Too many women, many of whom are mothers, are sent to prison every year to serve short sentences for non-violent crimes, often for a first offence, a new Prison Reform Trust (PRT) briefing reveals.
The briefing marks the launch of a drive by the Prison Reform Trust, supported by a £1.2 million grant from the Big Lottery Fund, to reduce the number of women who are sent to prison for minor non-violent offences.
A rapid expansion in the prison population in England and Wales over the past twenty years is placing a growing burden on the taxpayer while reoffending rates out of prison have remained stubbornly high, according to a new report by the Prison Reform Trust.
Analysis published in Prison: The Facts estimates that in 2014 the cost of holding that increased population at today’s costs was an extra £1.22bn compared with twenty years ago—a cost of over £40 per year for every UK taxpayer.
This extra funding of prison places is equivalent to employing an additional 56,000 newly qualified nurses.
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A prison system built to hold young men is struggling to cope with the rapidly growing numbers of old, sick and disabled people behind bars, a new Prison Reform Trust report, supported by the Bromley Trust, reveals.
The report, launched at HMP Brixton today (Tuesday 28 October), comes the day before the Prisons Minister Andrew Selous MP is due to give evidence on older prisoners to the Justice Select Committee.
People aged 60 and over and those aged 50–59 are the first and second fastest growing age groups in the prison population. Between 2002 and 2014 there was an increase of 146% and 122% in the number of prisoners held in those age groups respectively. On 31 March 2014 there were 102 people in prison aged 80 and over. Five people in prison were 90 or older.
Ever-lengthening sentences mean people in prison are growing old and frail with high rates of unmet social care and support needs. Two in five (37%) of those over the age of 50 in prison have a disability.
Home Secretary, the Rt Hon Theresa May MP delivered a speech last night (10 July 2014) outlining how the government is ensuring that people with mental health problems, learning disabilities and other support needs caught up in the criminal justice system are identified and diverted into appropriate healthcare and support services.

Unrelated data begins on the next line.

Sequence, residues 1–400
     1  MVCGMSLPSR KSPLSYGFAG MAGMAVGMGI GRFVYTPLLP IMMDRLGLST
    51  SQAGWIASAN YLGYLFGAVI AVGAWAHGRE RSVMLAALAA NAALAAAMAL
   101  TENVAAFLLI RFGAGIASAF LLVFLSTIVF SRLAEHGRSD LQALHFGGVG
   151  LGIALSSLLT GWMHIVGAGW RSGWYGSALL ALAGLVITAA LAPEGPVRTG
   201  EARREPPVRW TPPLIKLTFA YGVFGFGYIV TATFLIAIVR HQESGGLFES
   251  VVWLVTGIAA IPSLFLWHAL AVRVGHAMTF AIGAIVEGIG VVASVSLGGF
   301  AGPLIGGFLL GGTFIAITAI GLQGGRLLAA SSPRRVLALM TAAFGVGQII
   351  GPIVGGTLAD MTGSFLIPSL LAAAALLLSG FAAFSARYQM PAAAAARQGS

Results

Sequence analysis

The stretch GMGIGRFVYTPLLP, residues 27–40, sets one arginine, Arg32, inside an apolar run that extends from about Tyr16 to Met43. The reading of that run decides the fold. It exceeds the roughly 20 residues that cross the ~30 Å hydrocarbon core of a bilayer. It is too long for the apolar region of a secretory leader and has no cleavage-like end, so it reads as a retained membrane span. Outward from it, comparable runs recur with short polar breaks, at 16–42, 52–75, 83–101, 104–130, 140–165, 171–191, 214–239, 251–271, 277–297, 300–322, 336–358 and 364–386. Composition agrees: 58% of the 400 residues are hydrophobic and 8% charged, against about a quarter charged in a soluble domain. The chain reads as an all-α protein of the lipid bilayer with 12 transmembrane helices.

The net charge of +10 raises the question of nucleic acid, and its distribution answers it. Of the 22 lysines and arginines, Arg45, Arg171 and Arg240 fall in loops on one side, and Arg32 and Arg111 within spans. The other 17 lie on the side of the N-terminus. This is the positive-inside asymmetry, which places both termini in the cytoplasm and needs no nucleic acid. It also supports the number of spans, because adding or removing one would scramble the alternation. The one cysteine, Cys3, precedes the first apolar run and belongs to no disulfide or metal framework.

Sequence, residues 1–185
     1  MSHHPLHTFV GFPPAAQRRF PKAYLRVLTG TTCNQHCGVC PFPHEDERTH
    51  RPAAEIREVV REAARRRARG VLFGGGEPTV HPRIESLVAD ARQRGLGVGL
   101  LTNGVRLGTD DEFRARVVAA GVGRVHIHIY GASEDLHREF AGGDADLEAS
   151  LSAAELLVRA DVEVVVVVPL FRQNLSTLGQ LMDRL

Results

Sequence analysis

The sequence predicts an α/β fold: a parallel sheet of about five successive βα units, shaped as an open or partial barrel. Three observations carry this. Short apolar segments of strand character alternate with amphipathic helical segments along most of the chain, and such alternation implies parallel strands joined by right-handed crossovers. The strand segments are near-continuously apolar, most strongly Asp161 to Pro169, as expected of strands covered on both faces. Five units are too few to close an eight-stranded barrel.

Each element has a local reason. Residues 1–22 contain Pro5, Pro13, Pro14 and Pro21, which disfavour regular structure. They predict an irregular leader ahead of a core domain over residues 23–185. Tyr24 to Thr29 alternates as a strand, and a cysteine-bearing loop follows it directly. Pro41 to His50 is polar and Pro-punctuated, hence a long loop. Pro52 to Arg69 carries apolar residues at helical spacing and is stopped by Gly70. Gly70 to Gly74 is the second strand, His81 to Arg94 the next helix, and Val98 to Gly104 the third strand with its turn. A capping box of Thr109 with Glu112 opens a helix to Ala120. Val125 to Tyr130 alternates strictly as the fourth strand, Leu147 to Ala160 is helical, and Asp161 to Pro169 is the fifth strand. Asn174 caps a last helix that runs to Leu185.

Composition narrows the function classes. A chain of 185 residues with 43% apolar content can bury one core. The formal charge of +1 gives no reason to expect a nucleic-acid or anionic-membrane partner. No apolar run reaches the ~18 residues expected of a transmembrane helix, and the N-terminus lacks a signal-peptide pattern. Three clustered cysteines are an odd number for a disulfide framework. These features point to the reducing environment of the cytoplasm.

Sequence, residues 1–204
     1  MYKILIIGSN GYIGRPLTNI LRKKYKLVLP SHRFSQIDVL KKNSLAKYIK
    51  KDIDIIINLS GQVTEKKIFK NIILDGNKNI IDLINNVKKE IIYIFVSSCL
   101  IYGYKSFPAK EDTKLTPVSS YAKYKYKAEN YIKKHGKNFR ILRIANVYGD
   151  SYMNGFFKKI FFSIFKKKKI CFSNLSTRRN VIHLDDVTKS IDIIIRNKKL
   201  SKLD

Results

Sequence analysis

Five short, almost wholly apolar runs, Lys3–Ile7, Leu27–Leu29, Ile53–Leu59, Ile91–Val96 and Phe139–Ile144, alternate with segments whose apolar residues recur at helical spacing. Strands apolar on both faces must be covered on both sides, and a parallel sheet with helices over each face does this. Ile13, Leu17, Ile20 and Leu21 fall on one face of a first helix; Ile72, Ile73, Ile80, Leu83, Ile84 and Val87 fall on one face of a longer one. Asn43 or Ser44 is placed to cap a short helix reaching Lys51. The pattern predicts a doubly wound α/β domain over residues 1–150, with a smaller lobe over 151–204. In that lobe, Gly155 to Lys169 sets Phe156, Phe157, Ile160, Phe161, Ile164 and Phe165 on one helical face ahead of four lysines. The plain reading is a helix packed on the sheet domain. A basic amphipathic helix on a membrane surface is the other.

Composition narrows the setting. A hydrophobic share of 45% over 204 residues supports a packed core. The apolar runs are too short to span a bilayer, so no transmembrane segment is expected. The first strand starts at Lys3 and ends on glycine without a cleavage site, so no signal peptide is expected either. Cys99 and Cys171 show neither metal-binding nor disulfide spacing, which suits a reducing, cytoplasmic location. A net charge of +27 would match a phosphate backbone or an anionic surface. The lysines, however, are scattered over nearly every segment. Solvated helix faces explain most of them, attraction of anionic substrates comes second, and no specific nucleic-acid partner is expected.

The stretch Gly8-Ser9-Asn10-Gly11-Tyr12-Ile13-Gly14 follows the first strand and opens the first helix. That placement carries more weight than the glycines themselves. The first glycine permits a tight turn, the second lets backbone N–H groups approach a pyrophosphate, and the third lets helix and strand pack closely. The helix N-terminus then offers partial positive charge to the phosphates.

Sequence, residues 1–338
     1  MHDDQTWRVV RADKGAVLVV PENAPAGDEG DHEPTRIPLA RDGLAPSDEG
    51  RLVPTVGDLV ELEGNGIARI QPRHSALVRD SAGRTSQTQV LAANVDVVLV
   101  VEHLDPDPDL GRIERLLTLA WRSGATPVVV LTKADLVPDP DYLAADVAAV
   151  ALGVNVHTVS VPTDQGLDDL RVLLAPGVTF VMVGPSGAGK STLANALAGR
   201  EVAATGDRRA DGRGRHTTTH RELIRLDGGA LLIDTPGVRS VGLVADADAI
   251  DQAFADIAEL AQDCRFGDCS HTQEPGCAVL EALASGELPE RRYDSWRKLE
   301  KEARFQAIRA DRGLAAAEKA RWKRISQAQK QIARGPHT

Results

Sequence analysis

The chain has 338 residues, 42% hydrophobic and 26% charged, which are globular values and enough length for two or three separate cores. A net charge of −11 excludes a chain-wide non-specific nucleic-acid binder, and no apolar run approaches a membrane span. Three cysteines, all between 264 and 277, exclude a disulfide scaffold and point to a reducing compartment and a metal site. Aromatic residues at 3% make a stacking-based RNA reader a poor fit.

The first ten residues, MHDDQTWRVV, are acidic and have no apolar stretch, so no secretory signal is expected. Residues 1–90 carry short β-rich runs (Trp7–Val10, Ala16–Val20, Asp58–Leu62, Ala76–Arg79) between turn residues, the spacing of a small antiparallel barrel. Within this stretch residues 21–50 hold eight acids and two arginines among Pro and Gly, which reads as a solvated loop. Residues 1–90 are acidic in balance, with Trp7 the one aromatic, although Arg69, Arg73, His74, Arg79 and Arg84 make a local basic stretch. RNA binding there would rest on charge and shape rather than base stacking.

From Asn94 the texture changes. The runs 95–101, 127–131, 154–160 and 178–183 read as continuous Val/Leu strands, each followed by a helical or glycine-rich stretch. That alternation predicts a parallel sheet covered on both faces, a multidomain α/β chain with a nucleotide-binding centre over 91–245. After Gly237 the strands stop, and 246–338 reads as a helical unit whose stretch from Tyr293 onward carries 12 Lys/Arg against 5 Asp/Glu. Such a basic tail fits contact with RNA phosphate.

Click 'read more' to read a full transcript of the speech and download a copy of the Care not Custody briefing paper launched at the event.
A new report by the Prison Reform Trust, supported by the Bromley Trust, shows a system under significant strain with fewer staff, worsening safety, and fewer opportunities for rehabilitation.
Unprecedented cuts to the Ministry of Justice budget, due to total £2.4bn by 2015-16 , are creating a race to the bottom in prison conditions and the warehousing of people in super-sized jails, according to the Prison Reform Trust’s new report Prison: the facts.
A letter from the Care not Custody Coalition published in the Guardian on Friday January 10 2014 welcomed the government's announcement launching a trial scheme posting mental health nurses in police stations in 10 areas in England. However the coalition urged the government to stick to its new deadline of national delivery by 2017, three years later than originally planned.
Click the link below to read the letter and find out more about the Care not Custody Coalition.
Nearly half of people in prison in England and Wales could be warehoused in 1,000-plus supersized jails under government plans to transform the prison estate, the latest edition of the Prison Reform Trust's Bromley Briefings Prison Factfile reveals.
A shorter summary version, Prison: The Facts, is available for iPad and iPhone on the App Store and for Android devices via Google Play.
People with learning disabilities and difficulties in the justice system are not getting equal access to the law or support to successfully complete prison or community sentences because information presented to them is not made accessible.
At a meeting in the House of Lords today (Tuesday 22 October) organised by the charity KeyRing Living Support Networks working with the Prison Reform Trust, former prisoners and people working in the justice system will demonstrate good practice and call for an expansion in the use of Easy Read materials.